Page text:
Corruption had always run rampant in Russia/ the Soviet Union. It was part of life because it had occurred for generations. People in the business world expected a bribe to facilitate contracts and permits. Police officers did not want a ticket to be paid through the city. But most of all in the 1990s after the fall of the USSR, people expected the Russian Mafia to protect them, if they took care of the Russian Mafia. An interesting article from The Current Digest examines a one-off “hooliganism” situation, and compares it to other happenings in Russia at the time. It mentions that, “According to the opinion that is forming here, these are the actions of a corrupt, well-organized mafia group. Its aim is, riding the waves of democracy, to minimize the role of Soviet and Party agencies and to intimidate the bulk of the population”(Levin 22). This may have been one of the first accounts of the Russian Mafia being noted in the press, before their semi-takeover of the country in the 1990s. “Much of this ‘quiet revolution’ became possible because the end of mass terror also meant an end to the individual’s paralyzing fear, and because bureaucratic actors saw opportunities for self-aggrandizement with minimal risk or cost”(Barker 677). There is a similar irony embedded in both of these quotes through the use of two words: democracy and bureaucratic. On paper, the mafia may have seemed somewhat democratic in their ways, because they did not agree with Communist ideologies. This was due in part to the fact that they wanted to achieve their own agenda, rather than listen to an appointed leader. Individualists, yes. Democrats, no. Organized crime in all countries operates in a well-orchestrated manner, free of any type of political ideology. Their main intent is to make as much money as possible through drug-running, completing “hits”, gambling, and overall corruption of society. Russian mafia members were professionals at the final intent, and these extremely corrupt ways have become the butt of jokes about Russian culture for years. A Russia Reader contributor, Alexander Dallin, argues that the spread of corruption was one chief cause of the collapse of the Soviet Union. He makes a valid point, saying that Stalin controlled the corruption, but after he and his political machine died, people cared more about their self-interests than the success of society as a whole. This “me, me, me” culture is synonymous with the West, and having it invade Soviet ideologies did nothing to help the communists in their pursuit of collectivist ways. The following video is extremely interesting, and gives a great overview of the Russian Mafia through their history and immense power:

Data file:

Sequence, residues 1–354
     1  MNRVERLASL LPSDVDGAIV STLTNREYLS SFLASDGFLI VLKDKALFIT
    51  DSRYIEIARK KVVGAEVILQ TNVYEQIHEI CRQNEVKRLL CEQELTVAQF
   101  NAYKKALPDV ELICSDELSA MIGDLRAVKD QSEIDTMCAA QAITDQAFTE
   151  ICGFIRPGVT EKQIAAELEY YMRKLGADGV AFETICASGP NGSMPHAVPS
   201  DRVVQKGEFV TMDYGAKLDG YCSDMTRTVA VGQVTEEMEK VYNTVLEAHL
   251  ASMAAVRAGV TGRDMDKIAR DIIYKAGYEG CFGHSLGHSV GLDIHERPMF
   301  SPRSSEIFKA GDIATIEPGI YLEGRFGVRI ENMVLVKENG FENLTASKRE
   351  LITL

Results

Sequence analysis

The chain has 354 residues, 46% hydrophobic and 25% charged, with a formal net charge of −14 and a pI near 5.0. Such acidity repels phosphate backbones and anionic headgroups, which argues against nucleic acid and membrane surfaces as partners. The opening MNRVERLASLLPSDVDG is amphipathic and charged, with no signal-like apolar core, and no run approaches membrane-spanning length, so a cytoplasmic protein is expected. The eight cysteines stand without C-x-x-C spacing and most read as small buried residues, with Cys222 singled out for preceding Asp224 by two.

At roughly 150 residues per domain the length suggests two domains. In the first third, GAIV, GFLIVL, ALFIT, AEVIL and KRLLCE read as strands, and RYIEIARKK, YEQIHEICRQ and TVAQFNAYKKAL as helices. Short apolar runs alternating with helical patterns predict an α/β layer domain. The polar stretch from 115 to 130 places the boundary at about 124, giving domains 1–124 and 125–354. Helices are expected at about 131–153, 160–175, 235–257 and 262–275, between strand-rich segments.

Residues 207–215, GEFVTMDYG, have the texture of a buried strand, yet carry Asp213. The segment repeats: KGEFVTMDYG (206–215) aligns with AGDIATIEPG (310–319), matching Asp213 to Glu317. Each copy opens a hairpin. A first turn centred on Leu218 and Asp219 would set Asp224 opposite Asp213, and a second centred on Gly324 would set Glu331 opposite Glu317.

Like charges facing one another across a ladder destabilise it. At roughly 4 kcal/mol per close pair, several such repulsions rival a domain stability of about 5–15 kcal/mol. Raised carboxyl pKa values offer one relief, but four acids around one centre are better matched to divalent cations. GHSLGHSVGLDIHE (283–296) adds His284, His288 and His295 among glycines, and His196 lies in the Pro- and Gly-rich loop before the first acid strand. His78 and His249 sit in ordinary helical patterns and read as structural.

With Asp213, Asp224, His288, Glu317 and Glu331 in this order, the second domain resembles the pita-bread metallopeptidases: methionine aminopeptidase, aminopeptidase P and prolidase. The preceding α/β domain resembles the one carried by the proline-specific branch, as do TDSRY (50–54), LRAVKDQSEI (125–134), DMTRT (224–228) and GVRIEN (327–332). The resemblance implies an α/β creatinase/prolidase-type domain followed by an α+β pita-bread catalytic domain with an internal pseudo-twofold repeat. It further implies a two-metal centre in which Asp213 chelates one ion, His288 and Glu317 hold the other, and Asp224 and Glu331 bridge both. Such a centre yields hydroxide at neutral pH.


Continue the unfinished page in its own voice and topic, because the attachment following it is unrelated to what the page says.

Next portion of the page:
Barker, Adele Marie, and Bruce Grant. The Russia Reader: History, Culture, Politics. Durham, NC: Duke UP, 2010. Print.
Levin, A. “WHO IS BEHIND THE HOOLIGANS?On the Events in Fergana Province.” The Current Digest of the Russian Press 41.23 (1989): 21-22. Eastview. Web. 6 Dec. 2015. <http://dlib.eastview.com/browse/doc/13610458>.